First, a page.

Google has started releasing the first open tests of a new feature that may be important for anyone on Chrome: editing saved passwords. The novelty still depends on the activation of a flag, but the simple appearance of this possibility gives a light at the end of the tunnel of an order that was made more than six years ago.
Was May 2014 that a request within the Google Chrome bug discussion forum came up, asking the user to edit passwords that were saved within the browser. Currently it is not possible to change this information within the Chrome manager, but it is possible to change the information by deleting the data and saving again, or by logging in to the website with a new password – where the program asks if it wants to update the database. data and change the old one.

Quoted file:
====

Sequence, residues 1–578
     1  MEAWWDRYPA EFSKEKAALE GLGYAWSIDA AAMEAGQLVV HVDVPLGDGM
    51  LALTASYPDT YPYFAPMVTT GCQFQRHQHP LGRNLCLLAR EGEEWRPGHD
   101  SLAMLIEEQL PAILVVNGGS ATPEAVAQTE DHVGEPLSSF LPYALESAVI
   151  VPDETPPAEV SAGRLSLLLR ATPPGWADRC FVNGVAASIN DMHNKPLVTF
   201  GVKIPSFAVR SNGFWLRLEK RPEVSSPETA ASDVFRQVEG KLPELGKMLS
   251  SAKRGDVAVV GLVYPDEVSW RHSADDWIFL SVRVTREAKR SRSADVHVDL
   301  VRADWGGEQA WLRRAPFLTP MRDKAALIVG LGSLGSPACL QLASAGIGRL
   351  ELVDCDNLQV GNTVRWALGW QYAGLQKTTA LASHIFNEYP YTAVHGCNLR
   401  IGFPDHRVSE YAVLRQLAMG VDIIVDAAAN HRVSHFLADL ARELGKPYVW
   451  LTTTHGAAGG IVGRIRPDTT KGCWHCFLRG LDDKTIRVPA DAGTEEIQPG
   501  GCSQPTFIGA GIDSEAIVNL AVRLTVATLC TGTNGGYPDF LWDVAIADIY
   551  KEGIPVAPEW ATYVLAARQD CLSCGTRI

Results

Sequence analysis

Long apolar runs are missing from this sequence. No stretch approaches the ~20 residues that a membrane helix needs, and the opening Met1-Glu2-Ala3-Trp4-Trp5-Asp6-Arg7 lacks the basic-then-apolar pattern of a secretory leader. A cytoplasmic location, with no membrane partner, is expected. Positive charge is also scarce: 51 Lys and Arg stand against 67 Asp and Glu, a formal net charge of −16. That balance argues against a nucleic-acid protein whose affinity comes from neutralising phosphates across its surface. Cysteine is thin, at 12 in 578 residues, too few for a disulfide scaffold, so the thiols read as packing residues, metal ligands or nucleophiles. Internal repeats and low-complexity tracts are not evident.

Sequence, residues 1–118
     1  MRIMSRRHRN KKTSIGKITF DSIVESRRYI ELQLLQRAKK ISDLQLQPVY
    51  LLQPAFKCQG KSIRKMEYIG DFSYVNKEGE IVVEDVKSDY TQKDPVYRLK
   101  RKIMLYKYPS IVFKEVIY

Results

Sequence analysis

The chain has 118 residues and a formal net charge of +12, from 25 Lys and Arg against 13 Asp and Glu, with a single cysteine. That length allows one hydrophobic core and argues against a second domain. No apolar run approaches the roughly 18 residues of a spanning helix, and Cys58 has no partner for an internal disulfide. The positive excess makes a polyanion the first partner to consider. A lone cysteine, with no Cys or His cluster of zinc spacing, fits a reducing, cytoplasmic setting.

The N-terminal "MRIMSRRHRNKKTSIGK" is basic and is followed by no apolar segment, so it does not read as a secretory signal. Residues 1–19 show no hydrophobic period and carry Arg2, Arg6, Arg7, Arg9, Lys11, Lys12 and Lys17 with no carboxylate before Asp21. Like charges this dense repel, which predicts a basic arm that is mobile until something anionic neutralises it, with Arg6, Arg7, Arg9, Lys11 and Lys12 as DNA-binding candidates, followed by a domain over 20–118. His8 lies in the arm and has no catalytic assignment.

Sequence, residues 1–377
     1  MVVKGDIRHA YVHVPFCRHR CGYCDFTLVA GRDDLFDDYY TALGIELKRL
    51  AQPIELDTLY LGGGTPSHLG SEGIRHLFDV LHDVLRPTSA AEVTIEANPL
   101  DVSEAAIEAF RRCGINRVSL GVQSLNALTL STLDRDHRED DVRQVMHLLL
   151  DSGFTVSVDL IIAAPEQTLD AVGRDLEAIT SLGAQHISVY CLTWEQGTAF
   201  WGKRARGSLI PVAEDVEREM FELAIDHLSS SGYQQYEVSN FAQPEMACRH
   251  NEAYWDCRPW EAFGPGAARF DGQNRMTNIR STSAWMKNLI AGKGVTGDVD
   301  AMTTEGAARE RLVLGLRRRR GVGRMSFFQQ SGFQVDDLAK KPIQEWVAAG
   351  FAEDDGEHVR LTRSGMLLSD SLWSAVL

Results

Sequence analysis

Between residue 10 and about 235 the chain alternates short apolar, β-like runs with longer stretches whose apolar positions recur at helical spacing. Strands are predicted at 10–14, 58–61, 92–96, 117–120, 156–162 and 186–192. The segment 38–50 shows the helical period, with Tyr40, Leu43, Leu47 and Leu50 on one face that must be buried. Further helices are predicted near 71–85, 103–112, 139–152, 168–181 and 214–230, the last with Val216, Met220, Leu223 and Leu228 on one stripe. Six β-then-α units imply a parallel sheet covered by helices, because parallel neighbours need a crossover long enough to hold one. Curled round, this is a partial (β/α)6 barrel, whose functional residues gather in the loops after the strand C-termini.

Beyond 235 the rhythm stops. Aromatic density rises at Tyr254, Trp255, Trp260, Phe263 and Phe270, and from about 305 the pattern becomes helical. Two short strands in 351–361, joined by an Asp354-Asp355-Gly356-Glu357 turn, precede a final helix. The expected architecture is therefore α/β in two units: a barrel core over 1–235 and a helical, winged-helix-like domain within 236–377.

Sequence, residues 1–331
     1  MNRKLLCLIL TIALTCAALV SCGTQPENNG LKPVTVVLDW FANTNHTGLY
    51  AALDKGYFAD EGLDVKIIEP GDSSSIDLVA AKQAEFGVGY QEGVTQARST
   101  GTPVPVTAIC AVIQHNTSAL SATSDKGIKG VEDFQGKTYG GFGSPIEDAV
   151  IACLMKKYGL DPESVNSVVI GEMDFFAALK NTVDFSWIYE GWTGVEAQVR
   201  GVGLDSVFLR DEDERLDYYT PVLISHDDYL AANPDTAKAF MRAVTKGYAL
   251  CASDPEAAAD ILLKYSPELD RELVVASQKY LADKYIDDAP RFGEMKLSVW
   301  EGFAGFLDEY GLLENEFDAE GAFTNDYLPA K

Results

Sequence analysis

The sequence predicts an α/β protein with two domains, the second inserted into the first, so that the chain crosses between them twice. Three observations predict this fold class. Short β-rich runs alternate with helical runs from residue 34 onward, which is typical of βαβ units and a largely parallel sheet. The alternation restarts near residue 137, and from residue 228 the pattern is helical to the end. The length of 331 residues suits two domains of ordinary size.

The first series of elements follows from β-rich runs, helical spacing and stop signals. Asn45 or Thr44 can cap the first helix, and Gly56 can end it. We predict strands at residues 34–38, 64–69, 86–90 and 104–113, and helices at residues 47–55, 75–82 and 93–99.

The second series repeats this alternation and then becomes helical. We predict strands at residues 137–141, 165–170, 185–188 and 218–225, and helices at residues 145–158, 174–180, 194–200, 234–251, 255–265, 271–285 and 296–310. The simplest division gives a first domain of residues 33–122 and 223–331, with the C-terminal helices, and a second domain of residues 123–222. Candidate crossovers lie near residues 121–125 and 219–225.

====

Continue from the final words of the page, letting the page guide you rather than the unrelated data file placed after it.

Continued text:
Additionally, it is possible to see these passwords when entering https://passwords.google.com, with the Google account logged into the browser.
This should change in a short time, since the beta version of Google Chrome for desktop and also for Android received a new flag to allow the user to edit the password. Once the browser is installed, just paste (without quotes) this address in the bar “chrome: // flags / # edit-passwords-in-settings”, activate the flag and restart the browser.
In the password manager, which is within settings (or at this address: chrome: // settings / passwords), the user can change any saved password that is there.
As the feature is still in the testing phase, but within the beta version that the public can already use, it is very likely that Chrome 86, the next stable version of the browser, already brings at least the flag to be activated outside the beta version. This version of Chrome is expected to be available in early October.
With information: BleepingComputer.